German Foreign Minister Heiko Maas warned that “the slightest spark in the Eastern Mediterranean Sea region could cause a disaster” and called for “an immediate end to all provocations in the area.” We suppose that Maas was addressing Turkey without mentioning it by name, and not Greece, while he was in Athens on Tuesday. He maybe even confused Athens and Ankara, which he will visit later on the same day afternoon.
The mantra of German Foreign Minister was “dialogue, dialogue, dialogue,” however, Maas did not elaborate -at least in public statements – on Berlin’s concept of dialogue between the two neighboring countries that have their fleets at standoff in the East Mediterranean Sea. He assured, though, that “Germany will support, with all its strength, the dialogue process always on the basis of international law.”
“Supporting with all its strength the dialogue”: That’s good. And nice. And it shows the same devotion as a boy-scout’s oath. Or Germany’s top diplomacy has nothing but just cliches for the sake of a quotation worth to be mentioned by the media. Not even.
🇬🇷🇩🇪🇹🇷 Υπουργός Εξωτερικών #Μάας: «Τα παράθυρα διαλόγου μεταξύ Ελλάδας και Τουρκίας θα πρέπει τώρα να ανοίξουν κι άλλο, όχι να κλείσουν. Για να επιτευχθεί αυτό χρειαζόμαστε αντί για νέες προκλήσεις επιτέλους βήματα αποκλιμάκωσης και την έναρξη απευθείας συνομιλιών». #eu2020de pic.twitter.com/BmpNvh0aFo
— Germany in Greece (@GermanyinGreece) August 25, 2020
Die Gesprächsfenster zwischen 🇬🇷 und 🇹🇷 müssen jetzt weiter auf- und nicht zugemacht werden. Dazu brauchen wir nun statt neuer Provokationen endlich Schritte der Entspannung und einen Einstieg in direkte Gespräche. Das wollen wir nach Kräften unterstützen, heute auch vor Ort. pic.twitter.com/0sBbovBngM
— Heiko Maas 🇪🇺 (@HeikoMaas) August 25, 2020
“The windows of dialogue between Greece and Turkey should now be opened more, not closed. To achieve this, we need, instead of new challenges, finally de-escalation steps and the start of direct talks.” Maas said as panting Germany struggles to mediate between the two neighboring countries, hoping that they will somehow sit at the dialogue table no matter what form it has. Certain is that Greece will bring the issue of the continental shelf only and Turkey a thick book of demands and claims. Is Germany aware of these windows?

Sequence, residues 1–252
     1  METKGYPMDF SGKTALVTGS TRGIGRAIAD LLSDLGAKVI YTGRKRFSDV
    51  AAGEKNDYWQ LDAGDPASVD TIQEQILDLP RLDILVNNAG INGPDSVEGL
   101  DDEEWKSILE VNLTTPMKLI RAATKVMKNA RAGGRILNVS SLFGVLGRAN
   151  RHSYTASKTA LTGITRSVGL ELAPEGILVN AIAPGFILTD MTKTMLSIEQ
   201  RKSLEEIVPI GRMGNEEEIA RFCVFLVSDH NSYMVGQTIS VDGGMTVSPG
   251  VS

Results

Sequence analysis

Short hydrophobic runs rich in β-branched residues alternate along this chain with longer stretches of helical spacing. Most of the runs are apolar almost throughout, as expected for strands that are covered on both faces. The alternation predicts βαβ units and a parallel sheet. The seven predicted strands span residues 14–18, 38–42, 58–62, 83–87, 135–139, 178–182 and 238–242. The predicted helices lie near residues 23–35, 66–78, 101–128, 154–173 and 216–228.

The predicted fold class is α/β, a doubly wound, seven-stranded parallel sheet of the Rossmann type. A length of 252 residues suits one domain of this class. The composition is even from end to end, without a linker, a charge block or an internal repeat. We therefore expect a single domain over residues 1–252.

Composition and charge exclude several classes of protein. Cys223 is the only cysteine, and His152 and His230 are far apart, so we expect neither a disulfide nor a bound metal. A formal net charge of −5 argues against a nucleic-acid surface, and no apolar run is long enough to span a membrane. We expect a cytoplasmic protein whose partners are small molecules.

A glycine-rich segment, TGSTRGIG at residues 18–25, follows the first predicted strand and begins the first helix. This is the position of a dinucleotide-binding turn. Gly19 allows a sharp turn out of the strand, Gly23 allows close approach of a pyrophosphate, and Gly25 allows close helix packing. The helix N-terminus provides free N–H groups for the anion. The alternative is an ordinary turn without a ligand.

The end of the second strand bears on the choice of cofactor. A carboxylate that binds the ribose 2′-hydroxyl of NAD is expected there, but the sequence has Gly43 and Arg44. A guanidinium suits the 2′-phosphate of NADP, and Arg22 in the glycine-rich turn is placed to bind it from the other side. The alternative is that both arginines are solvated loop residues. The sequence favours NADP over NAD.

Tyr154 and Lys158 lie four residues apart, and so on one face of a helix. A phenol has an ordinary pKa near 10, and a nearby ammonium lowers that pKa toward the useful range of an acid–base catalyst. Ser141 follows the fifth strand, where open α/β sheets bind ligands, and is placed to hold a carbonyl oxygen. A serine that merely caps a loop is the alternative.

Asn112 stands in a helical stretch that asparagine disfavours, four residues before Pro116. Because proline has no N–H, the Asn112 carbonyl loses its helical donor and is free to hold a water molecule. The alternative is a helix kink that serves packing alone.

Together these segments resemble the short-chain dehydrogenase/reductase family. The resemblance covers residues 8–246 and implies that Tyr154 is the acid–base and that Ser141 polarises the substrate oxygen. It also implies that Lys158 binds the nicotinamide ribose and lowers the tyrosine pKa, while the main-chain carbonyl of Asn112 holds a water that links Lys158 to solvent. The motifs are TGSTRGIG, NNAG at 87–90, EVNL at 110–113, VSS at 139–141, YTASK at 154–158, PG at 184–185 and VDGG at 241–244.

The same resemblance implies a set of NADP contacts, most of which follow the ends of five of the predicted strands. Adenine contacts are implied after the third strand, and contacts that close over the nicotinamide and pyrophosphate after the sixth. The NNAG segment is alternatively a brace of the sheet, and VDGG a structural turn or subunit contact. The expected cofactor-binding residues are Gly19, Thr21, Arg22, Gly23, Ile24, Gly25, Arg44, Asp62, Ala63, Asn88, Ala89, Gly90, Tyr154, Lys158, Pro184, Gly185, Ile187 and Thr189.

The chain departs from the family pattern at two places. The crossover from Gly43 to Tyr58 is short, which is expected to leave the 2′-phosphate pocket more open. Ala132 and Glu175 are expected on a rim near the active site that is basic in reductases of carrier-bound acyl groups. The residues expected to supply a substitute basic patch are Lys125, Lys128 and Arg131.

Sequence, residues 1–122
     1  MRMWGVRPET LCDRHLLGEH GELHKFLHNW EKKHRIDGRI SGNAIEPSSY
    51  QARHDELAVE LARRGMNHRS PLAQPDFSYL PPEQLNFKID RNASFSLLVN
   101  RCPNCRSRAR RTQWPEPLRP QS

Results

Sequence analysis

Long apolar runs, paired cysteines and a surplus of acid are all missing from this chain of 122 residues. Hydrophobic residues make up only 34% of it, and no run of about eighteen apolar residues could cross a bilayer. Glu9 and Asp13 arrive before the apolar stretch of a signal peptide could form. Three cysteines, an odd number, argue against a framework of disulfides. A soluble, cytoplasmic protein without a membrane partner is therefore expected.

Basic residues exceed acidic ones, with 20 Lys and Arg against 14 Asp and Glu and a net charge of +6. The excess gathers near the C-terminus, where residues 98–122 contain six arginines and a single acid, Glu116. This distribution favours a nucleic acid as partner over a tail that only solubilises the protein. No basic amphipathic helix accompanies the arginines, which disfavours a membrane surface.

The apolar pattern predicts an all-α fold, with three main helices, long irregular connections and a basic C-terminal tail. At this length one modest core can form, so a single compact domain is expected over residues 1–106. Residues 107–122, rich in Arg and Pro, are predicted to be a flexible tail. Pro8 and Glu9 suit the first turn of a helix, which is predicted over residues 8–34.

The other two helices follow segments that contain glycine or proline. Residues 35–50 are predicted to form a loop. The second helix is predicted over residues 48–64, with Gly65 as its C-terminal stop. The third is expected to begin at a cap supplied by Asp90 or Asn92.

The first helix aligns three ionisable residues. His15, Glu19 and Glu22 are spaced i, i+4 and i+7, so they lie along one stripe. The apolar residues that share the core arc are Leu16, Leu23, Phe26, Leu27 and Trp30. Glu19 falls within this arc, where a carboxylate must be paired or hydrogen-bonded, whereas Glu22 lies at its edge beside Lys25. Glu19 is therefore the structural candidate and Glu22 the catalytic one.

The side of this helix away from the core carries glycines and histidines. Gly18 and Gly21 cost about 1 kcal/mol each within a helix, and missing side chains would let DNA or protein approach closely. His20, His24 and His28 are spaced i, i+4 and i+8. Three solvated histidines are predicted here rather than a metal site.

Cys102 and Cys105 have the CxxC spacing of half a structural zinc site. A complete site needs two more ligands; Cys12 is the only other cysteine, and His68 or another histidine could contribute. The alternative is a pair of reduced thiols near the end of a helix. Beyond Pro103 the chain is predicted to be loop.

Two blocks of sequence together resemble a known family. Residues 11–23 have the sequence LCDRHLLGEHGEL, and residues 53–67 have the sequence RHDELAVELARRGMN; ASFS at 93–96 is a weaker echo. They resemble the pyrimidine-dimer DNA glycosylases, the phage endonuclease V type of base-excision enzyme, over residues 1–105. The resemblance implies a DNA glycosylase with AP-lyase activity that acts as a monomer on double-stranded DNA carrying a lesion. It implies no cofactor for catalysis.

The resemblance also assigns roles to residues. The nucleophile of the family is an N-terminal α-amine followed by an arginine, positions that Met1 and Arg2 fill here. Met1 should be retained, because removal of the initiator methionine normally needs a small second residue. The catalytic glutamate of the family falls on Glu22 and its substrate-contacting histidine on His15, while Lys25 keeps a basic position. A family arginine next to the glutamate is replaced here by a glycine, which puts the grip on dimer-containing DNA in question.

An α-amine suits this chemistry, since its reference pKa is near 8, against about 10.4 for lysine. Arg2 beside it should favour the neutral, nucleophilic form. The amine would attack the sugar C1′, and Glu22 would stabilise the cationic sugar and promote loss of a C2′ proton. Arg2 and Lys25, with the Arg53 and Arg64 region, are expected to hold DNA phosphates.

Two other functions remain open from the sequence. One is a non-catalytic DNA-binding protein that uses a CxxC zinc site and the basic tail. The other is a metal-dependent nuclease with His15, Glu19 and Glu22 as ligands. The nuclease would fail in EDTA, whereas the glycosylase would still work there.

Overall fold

🇬🇷🇩🇪🇪🇺 #Μάας: «Στο Συμβούλιο των Υπουργών Εξωτερικών της Ε.Ε. αυτή την εβδομάδα θα συζητήσουμε για τη σχέση μας με την Τουρκία. Η γνώμη της Ελλάδας θα έχει ιδιαίτερη βαρύτητα. Και για αυτό μου είναι σημαντικό να αναζητήσω για ακόμα μία φορά την απευθείας συνομιλία επί τόπου». pic.twitter.com/HVPDGfkUhG
— Germany in Greece (@GermanyinGreece) August 25, 2020
“In the EU Council of Foreign Ministers this week we will discuss our relationship with Turkey. The opinion of Greece will be of particular importance. And that’s why it’s important for me to look for direct conversation on the ground once again.”
OK. We take note. We’ll double check towards the end of the week.
Greece was possible expecting a stronger wording from the German Foreign Minister that did not and could not come.
“The obsession with delinquency leads nowhere,” Foreign Minister Nikos Dendias said after the meeting with Maas and made clear to Germany that dialogue under threats and blackmails is not possible.
“”Many of us recommend dialogue. But there can be no dialogue under the regime of threats,” Dendias underlined.
Referring to Turkey, Dendias stressed that instead of de-escalation moves, there are new provocations, while noting that these behaviors and moves undermine stability in the region and constitute a violation of international law.
The Greek Foreign Minister also noted that the situation in the Eastern Mediterranean concerns the entire European Union and stressed that the EU acquis needs to be strongly defended against regressive forces.
Dendias called for sanctions to be imposed on Turkey at the forthcoming Informal Council of Foreign Ministers on August 27-28.
Maas’s meeting with Prime Minister Kyriakos Mitsotakis does not seem to have been particularly successful either.
Government sources told state-run news agency amna,, Germany which holds the Presidency of the Council of the European Union has a positive contribution in the direction of “need for de-escalation of the Turkish provocation in order to reduce tension in the region.”
It looks like a very awkward moment in the life of German diplomacy that appears to be torn between its obligation to support EU member state Greece and its historic support to its favorite child Turkey.
Germany looks weak, spineless and most important disinterested in the issue; as if it has to perform a boring errant but inevitable duty while it is burdened with the rotating EU presidency.
It is not clear what Germany aims to achieve by mediating between the two countries? “A dialogue is a dialogue is a dialogue…” Gertrud Stein would say paraphrasing “a rose is a rose is a rose.” Will it be satisfied with a photo opportunity with representatives of Berlin, Athens and Ankara shaking hands in front of the negotiation table? And then breath relieved when the EU Presidency time is over?
Berlin does not favor sanctions against Turkey and it was quick to express displeasure over the maritime boundaries agreement between Greece and Egypt.
Interesting enough, we did not hear any loud protest from Berlin over the Turkish-Libyan illegal agreement.